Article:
Experienced and specially-trained collaborative attorneys have each chosen to restrict their law practices to


handling family law matters outside of the courtroom. What this means more specifically is that they have chosen to not work with traditional divorce cases. Instead, they guide their clients through the practical, emotional, and financial aspects of separation, divorce, and co-parenting in a non-adversarial manner.

Co-Parenting Advisor

Psychologists are a part of the collaborative divorce process in the role of Co-Parenting Advisors. For divorcing couples who elect the “Team Collaborative Process, co-parenting advisors participate with the attorneys as part of an interdisciplinary team. The co-parenting advisors specific focus is on the children in the divorce and the type of parenting the will receive during and after the divorce.

Each parent works with their own co-parenting advisor throughout the process with the main goals as follows:

  • Help parents create and agree upon a mutually beneficial parenting plan for after the divorce
  • Coach spouses on ways to communicate effectively and without hostility
  • Prepare for their relationship as co-parents instead of spouses

Child Specialist

Additional psychologists serve another very important role in the collaborative divorce process – that of a child specialist. The role of the child specialist is to make sure the voice of the child is heard during collaborative divorce meetings. A major role in the collaborative process is shielding children from the anger and stress of their parents during such a difficult time and the child specialist gives that child an adult voice.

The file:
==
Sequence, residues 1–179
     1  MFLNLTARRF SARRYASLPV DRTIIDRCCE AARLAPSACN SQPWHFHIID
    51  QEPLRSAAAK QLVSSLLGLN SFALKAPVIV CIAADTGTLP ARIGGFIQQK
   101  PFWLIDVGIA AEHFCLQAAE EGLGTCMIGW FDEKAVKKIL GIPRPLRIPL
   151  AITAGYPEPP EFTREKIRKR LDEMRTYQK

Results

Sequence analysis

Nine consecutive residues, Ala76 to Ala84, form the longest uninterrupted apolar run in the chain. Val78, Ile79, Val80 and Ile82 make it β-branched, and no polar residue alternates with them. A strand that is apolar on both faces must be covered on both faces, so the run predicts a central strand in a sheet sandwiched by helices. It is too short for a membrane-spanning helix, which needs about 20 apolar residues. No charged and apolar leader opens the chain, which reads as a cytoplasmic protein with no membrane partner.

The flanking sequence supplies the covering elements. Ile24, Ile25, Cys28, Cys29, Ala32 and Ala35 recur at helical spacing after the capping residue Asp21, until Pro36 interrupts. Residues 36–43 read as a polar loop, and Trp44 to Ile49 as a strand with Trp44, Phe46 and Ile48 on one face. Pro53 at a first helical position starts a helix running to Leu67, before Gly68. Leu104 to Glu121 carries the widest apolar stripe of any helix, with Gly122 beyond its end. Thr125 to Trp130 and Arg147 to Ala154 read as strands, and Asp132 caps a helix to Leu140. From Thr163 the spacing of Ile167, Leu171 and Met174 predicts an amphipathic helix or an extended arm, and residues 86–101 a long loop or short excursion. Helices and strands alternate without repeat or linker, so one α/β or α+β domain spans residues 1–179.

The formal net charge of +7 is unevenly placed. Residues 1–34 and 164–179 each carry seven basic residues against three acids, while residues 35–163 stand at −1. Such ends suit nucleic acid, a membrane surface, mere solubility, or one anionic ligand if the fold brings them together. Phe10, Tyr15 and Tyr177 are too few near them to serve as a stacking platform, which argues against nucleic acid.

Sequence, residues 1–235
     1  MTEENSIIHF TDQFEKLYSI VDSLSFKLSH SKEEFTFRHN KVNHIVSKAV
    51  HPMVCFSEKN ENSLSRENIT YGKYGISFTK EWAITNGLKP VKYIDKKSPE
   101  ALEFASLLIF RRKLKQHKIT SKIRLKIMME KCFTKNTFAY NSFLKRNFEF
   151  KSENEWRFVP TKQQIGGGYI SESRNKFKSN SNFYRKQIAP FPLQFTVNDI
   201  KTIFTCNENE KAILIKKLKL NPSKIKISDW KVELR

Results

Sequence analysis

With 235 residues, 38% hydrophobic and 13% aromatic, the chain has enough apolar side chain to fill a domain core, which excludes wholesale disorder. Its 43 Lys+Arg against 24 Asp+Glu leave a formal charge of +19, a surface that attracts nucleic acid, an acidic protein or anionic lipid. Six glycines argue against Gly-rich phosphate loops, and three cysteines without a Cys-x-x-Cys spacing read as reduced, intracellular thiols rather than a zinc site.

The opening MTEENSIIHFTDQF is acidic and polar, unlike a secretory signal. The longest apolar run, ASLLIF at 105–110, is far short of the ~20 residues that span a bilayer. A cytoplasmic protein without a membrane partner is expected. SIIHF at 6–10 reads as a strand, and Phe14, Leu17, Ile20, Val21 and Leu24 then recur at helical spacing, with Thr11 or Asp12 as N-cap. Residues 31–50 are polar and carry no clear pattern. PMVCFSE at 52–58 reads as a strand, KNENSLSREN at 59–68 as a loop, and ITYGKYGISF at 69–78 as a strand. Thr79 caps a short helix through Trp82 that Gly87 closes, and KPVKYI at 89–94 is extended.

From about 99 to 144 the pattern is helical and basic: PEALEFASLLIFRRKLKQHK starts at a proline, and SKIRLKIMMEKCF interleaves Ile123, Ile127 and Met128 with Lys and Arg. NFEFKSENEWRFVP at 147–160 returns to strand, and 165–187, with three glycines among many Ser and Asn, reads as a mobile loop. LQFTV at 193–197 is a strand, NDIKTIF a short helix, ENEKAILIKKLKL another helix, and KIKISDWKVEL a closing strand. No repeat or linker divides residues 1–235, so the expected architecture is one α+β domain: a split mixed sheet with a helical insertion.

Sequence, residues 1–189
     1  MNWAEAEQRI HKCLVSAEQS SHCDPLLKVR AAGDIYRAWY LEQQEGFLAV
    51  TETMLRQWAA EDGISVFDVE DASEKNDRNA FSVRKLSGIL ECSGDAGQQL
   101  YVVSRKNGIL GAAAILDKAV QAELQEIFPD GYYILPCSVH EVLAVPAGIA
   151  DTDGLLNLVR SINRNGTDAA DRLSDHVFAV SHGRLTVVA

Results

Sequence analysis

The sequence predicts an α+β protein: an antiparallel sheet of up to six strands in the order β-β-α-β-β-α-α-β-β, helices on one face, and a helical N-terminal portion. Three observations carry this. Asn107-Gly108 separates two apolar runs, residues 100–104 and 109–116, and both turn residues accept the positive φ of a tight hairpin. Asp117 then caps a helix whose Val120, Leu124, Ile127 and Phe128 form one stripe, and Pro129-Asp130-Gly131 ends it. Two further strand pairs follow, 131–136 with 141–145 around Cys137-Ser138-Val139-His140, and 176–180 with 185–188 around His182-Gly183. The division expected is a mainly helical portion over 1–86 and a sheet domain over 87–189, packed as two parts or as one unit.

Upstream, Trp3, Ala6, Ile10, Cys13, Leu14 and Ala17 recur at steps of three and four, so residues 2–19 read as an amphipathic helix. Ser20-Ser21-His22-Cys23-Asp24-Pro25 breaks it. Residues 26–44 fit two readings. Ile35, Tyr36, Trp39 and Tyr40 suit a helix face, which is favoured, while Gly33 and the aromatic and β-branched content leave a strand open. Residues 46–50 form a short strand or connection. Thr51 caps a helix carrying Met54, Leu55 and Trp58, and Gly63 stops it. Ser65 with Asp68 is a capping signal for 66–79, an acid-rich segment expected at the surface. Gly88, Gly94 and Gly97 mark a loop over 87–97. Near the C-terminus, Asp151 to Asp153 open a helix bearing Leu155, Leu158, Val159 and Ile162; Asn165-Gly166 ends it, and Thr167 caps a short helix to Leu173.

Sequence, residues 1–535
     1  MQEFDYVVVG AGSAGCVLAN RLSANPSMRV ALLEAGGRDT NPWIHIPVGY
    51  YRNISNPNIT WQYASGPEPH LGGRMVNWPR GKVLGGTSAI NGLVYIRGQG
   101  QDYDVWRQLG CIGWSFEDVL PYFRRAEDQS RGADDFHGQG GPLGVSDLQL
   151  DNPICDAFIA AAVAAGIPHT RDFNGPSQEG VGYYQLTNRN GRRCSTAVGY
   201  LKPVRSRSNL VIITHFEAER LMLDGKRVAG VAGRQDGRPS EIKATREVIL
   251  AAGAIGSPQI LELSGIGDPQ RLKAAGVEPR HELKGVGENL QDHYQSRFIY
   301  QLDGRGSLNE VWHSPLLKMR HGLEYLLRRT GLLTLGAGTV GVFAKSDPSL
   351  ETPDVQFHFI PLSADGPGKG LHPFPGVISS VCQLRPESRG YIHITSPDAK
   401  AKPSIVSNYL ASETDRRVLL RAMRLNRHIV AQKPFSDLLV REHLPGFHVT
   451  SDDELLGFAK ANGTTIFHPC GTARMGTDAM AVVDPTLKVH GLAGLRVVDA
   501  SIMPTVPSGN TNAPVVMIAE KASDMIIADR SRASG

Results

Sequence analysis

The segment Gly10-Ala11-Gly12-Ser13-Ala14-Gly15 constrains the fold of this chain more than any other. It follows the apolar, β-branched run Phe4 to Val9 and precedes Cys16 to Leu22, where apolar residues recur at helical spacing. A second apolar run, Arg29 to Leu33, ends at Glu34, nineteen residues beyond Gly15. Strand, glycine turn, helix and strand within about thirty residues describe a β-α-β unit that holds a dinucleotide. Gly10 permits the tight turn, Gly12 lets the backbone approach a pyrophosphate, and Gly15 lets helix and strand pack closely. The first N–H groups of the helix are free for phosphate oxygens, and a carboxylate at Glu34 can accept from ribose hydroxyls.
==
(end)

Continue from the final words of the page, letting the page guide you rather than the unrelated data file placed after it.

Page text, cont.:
The child or children will meet privately with the Child Specialist to engage in discussions that help the specialist learn how the child is experiencing the divorce and what the child may not want to share directly with their parents.

Financial Specialist (aka Neutral Financial Specialist)

Financial specialists offer neutral financial analysis services during the collaborative divorce process. They guide couples toward reasonable, mutually agreeable choices regarding property division, alimony, and child support payments. These financial professionals have participated in collaborative divorce training sessions to learn how to adapt their skills to support families in transition.

Note: Michael Kothakota, CEO of WolfBridge Financial is a member of the North Carolina Association of Collaborative Divorce Professionals and Separating Together. He believes in and practices collaborative divorce.

What is Collaborative Divorce?

Divorces aren’t easy.